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November 17, 1928


JAMA. 1928;91(20):1562. doi:10.1001/jama.1928.02700200060026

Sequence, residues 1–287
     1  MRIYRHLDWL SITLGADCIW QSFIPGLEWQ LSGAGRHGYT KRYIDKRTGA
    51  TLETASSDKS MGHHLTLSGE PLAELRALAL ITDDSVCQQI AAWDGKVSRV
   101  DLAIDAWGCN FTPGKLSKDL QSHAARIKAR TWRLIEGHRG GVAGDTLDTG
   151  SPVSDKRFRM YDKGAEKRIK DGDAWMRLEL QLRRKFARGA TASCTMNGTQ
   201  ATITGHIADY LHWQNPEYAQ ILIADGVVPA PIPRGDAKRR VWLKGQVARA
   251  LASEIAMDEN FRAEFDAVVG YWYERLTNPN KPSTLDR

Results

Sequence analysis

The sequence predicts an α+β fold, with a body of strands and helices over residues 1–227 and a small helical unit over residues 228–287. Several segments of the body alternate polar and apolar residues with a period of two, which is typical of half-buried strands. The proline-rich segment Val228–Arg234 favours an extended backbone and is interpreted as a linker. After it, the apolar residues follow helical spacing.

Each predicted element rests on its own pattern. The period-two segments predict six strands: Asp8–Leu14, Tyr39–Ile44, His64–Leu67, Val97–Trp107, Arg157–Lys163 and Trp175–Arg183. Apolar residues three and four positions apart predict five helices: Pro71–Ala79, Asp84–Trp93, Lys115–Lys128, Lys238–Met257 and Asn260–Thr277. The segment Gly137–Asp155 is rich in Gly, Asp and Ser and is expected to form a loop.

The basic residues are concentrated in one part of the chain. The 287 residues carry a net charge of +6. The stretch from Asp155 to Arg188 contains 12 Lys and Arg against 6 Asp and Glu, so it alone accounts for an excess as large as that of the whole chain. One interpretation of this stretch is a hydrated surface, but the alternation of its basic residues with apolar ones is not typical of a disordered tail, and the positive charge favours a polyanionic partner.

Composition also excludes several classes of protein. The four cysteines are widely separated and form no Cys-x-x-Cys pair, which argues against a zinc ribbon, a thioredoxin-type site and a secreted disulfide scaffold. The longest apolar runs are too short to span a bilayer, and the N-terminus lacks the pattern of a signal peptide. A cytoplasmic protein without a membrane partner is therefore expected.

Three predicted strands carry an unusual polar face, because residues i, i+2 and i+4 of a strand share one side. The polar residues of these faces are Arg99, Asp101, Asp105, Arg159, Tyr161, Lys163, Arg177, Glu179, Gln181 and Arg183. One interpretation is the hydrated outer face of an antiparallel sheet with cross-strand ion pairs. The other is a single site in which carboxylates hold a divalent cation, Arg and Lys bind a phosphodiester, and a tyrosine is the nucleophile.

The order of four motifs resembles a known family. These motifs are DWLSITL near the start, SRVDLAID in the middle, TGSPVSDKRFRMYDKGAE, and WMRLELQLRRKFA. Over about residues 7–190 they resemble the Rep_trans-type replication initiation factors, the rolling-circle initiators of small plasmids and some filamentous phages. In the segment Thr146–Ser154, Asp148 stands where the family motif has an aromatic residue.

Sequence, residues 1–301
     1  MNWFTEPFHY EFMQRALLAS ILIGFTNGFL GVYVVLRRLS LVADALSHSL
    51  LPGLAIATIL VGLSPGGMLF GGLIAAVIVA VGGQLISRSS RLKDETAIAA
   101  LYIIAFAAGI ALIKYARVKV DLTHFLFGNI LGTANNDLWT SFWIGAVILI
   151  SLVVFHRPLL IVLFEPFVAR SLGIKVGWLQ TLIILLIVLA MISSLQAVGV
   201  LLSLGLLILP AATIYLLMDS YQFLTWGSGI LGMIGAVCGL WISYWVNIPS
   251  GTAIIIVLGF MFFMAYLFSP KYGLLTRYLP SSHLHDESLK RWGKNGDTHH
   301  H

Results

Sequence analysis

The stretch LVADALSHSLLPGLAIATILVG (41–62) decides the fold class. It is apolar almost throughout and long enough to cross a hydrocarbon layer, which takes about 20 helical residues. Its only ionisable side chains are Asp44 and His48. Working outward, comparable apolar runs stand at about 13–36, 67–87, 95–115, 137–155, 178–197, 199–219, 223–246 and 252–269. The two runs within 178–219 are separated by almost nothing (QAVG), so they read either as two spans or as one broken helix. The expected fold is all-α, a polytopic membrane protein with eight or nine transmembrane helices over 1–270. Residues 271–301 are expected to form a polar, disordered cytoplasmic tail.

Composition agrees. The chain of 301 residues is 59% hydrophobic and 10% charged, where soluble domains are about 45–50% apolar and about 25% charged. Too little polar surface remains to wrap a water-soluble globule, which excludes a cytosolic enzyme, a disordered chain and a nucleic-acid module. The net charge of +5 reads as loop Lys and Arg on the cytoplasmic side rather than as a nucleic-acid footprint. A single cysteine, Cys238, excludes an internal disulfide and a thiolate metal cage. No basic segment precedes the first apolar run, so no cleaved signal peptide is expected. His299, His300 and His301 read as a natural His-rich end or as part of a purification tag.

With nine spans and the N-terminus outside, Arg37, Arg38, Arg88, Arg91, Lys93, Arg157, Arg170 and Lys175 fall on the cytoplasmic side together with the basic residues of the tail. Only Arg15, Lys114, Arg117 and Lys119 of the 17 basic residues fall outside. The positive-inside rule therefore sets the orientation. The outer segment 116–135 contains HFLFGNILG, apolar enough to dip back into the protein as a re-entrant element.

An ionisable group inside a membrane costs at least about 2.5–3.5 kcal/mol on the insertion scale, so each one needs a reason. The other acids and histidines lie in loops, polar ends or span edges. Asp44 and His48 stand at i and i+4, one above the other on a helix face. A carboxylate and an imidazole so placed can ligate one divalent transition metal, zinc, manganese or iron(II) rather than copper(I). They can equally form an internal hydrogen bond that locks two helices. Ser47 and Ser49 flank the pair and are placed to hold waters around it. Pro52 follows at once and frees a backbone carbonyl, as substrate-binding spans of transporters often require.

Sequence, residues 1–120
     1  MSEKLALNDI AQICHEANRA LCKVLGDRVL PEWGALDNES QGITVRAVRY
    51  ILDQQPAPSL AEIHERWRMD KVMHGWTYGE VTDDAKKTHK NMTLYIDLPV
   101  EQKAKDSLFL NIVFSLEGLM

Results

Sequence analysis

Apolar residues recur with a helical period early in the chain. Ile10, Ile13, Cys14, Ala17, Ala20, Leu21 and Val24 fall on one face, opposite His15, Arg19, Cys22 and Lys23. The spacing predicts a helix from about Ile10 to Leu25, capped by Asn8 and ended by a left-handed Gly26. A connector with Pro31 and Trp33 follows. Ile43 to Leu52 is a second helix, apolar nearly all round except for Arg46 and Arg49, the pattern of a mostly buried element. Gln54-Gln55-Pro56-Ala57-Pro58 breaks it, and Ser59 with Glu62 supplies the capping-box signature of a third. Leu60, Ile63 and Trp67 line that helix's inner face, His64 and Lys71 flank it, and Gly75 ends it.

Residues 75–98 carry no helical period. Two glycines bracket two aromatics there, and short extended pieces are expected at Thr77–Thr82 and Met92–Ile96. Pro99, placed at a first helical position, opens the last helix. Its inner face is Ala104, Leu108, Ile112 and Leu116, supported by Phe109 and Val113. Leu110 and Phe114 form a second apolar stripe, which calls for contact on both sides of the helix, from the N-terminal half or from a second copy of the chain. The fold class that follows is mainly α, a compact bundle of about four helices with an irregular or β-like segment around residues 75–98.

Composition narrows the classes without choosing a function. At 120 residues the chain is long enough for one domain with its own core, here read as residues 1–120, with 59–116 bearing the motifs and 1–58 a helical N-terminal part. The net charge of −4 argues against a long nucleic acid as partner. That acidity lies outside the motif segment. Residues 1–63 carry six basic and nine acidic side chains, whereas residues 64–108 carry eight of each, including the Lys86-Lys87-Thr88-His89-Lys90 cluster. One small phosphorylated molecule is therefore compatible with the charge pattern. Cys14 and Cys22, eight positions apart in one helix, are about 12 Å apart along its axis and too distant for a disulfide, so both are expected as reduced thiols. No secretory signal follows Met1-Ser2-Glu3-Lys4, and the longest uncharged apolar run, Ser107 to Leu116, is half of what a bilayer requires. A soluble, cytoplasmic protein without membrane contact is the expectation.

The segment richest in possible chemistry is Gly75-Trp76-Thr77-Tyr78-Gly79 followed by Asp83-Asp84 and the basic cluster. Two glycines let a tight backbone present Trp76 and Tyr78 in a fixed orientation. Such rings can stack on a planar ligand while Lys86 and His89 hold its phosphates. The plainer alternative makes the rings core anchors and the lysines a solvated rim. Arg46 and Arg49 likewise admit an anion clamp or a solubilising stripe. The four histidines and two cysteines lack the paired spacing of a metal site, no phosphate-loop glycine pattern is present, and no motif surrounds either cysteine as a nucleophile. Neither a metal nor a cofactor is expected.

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The Birth Control Problem  Birth control in this country does not seem to be so important a problem as in England and America, though the authorities have recently established consultative centers to determine to what extent it is practiced, and if there is a greater need for it. The people are rather opposed to discussing the matter openly as if it were a means of aiding loose relations between the sexes. The attitude of the lower classes toward it, however, which is often mentioned in the newspapers and magazines, demonstrates its importance to them as a social question. According to the social bureau of the Tokyo municipal office, 225 women have come to consult the physicians concerning birth control since the consultative centers were established. One hundred and twenty-two were married women, with large families, who must depend on their husbands' earnings for their living. Their husbands were employed as

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